Eller History, Family Crest & Coats of Arms
Eller is a local name from the German region of Westphalia. Local names came to Germany with other types of hereditary surnames after the 12th century. They were derived from the name of the place where the original bearer of the name lived. Sometimes local names bear the prefix "von", meaning "of" or "from". It was an indication of land-ownership, and was sometimes taken as a mark of aristocracy. The family originally lived by an alder tree. Ancient records reveal the name Eller is derived from the Old German word elre or alre, which means alder. There are also numerous places named Eller in the northern German states, such as the Rhine and Moselle areas, which adopted the name of an old stream called the Ellera. Thus, the name Eller is both a topographic surname, a type of local surname that was given to a person who resided near a physical feature such as a hill, stream, church, or type of tree, and a habitation name, a type of local name that was originally derived from pre-existing names for towns, villages, parishes, or farmsteads.
Early Origins of the Eller family
The surname Eller was first found in Westphalia, where the family emerged in mediaeval times as one of the notable families of the region. From the 13th century the surname was identified with the great social and economic evolution which made this territory a landmark contributor to the development of the nation.
Early History of the Eller family
This web page shows only a small excerpt of our Eller research. Another 77 words (6 lines of text) covering the years 1354, 1424, 1680, 1690 and 1730 are included under the topic Early Eller History in all our PDF Extended History products and printed products wherever possible.
Eller Spelling Variations
Many cultural groups lived in the German states in medieval times. Each had its own dialect and traditions, and unique variations of popular names. Low German, which is similar to contemporary Dutch, was spoken in Westphalia. German names are characterized by additions such as regional suffixes and phrases that tell something about the origin or background of its original bearer. Further contributing to the variation in German names was the fact that there were no spelling rules in medieval times: scribes recorded names according to their sound. The recorded spelling variations of Eller include Eller, Ellers, Eler, Aller, Aler, Ellern, Ellere, Elera, Ellera, Ellerer and many more.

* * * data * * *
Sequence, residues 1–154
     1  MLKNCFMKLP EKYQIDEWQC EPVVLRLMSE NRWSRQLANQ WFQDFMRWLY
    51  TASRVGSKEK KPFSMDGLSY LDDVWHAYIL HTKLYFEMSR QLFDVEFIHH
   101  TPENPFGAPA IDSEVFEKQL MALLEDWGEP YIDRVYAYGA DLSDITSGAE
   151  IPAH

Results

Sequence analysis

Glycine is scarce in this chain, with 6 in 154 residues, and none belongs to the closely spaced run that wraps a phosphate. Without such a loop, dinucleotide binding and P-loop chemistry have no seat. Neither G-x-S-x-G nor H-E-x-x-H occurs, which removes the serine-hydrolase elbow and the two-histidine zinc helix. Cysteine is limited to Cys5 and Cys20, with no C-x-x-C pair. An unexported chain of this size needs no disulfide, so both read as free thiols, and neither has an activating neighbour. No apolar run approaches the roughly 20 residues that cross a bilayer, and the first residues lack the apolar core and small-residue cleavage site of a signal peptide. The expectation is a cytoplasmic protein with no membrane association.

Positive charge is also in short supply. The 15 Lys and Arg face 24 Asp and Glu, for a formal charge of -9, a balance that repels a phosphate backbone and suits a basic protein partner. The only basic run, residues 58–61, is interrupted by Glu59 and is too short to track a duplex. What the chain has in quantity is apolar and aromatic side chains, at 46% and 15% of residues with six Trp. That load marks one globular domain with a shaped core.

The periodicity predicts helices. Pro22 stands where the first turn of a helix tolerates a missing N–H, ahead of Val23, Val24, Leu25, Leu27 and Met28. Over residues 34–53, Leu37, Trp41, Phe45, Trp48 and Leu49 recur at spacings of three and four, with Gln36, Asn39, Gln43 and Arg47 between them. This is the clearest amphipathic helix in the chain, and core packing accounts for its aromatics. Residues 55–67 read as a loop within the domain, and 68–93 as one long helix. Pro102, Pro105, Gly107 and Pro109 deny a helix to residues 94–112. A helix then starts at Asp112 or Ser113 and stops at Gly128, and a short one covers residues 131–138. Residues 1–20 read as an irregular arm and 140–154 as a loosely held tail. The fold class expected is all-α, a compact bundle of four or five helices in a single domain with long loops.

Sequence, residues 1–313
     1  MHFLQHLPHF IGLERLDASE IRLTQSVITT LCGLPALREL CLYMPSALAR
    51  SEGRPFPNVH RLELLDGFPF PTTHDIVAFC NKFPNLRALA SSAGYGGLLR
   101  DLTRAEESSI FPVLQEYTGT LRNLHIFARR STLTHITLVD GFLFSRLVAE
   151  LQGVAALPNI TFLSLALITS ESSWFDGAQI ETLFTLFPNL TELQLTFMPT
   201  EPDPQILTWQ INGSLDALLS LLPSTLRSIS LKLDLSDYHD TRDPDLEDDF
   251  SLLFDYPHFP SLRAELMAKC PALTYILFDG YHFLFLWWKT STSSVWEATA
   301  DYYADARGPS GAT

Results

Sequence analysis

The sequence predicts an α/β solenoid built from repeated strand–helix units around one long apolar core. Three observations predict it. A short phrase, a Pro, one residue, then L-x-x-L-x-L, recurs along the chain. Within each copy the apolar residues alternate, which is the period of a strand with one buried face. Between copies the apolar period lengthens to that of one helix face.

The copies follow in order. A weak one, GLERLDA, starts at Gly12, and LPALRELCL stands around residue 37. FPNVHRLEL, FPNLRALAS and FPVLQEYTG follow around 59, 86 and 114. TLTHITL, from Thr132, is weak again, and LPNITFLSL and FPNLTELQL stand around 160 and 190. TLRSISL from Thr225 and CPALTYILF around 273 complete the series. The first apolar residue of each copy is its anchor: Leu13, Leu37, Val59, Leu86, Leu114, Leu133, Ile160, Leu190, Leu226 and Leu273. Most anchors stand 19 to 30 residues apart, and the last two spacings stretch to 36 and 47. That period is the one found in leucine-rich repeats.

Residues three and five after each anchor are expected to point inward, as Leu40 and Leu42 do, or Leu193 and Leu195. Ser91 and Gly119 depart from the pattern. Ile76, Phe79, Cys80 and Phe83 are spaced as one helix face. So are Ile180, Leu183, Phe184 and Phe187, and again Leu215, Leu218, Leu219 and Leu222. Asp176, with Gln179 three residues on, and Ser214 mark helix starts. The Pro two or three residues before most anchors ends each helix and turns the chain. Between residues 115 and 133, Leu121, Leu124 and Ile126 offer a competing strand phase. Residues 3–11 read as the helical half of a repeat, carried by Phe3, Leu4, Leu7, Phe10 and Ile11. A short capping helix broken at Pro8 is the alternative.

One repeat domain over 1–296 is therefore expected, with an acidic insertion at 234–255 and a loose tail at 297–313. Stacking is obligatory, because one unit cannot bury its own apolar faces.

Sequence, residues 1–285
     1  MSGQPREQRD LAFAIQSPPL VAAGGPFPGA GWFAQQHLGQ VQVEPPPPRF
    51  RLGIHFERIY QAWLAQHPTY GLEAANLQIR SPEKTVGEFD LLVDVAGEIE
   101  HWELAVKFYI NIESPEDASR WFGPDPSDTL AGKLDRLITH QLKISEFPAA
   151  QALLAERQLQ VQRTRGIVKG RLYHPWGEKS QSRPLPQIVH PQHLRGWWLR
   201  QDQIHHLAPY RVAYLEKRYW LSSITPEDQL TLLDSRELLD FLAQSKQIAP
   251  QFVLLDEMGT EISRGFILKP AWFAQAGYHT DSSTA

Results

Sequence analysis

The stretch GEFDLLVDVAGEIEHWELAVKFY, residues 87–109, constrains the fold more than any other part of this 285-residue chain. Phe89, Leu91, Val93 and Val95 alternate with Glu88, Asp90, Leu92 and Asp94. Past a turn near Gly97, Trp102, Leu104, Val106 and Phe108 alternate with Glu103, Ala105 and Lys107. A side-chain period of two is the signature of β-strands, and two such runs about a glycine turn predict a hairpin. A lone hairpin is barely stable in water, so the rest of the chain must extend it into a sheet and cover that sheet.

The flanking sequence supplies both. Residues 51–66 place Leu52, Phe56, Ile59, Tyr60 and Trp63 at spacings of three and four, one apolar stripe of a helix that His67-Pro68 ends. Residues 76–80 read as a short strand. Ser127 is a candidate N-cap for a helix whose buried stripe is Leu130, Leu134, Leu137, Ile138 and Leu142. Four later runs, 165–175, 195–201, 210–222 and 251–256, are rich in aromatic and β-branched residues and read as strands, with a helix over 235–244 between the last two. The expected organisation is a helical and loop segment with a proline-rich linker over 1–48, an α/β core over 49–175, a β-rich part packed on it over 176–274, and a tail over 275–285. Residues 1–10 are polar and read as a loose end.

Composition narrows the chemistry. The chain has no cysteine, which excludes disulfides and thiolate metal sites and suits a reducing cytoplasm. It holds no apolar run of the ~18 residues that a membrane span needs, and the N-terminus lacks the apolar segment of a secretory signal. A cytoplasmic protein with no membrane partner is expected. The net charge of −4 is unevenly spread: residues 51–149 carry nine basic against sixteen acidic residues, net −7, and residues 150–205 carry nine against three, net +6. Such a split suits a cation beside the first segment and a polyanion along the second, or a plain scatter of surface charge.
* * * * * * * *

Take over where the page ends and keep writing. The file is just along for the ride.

Early Notables of the Eller family (pre 1700)
Notables of the period with the name Eller were Wolf Ernst von Eller (d. 1680), who was the Governor of Minden and Sparenberg, a military general, and Privy Councillor for defense to the prince...
In the United States, the name Eller is the 2,376th most popular surname with an estimated 12,435 people with that name. 
After 1650, thousands of German settlers came to North America to escape the religious persecution and poverty that wracked Europe and to make the most of the opportunity to own their own land in a new country. They settled across the United States in Pennsylvania, Texas, New York, Illinois, and California, and in Canada in Ontario and on the fertile plains of the prairie provinces. Among them:
Eller Settlers in United States in the 17th Century
Eller Settlers in United States in the 18th Century
Eller Settlers in United States in the 19th Century
Emigration to Australia followed the First Fleets of convicts, tradespeople and early settlers. Early immigrants include:
Eller Settlers in Australia in the 19th Century
The motto was originally a war cry or slogan. Mottoes first began to be shown with arms in the 14th and 15th centuries, but were not in general use until the 17th century. Thus the oldest coats of arms generally do not include a motto. Mottoes seldom form part of the grant of arms: Under most heraldic authorities, a motto is an optional component of the coat of arms, and can be added to or changed at will; many families have chosen not to display a motto.
Motto: Gloria virtutis umbra
Motto Translation: Glory is the shadow of virtue.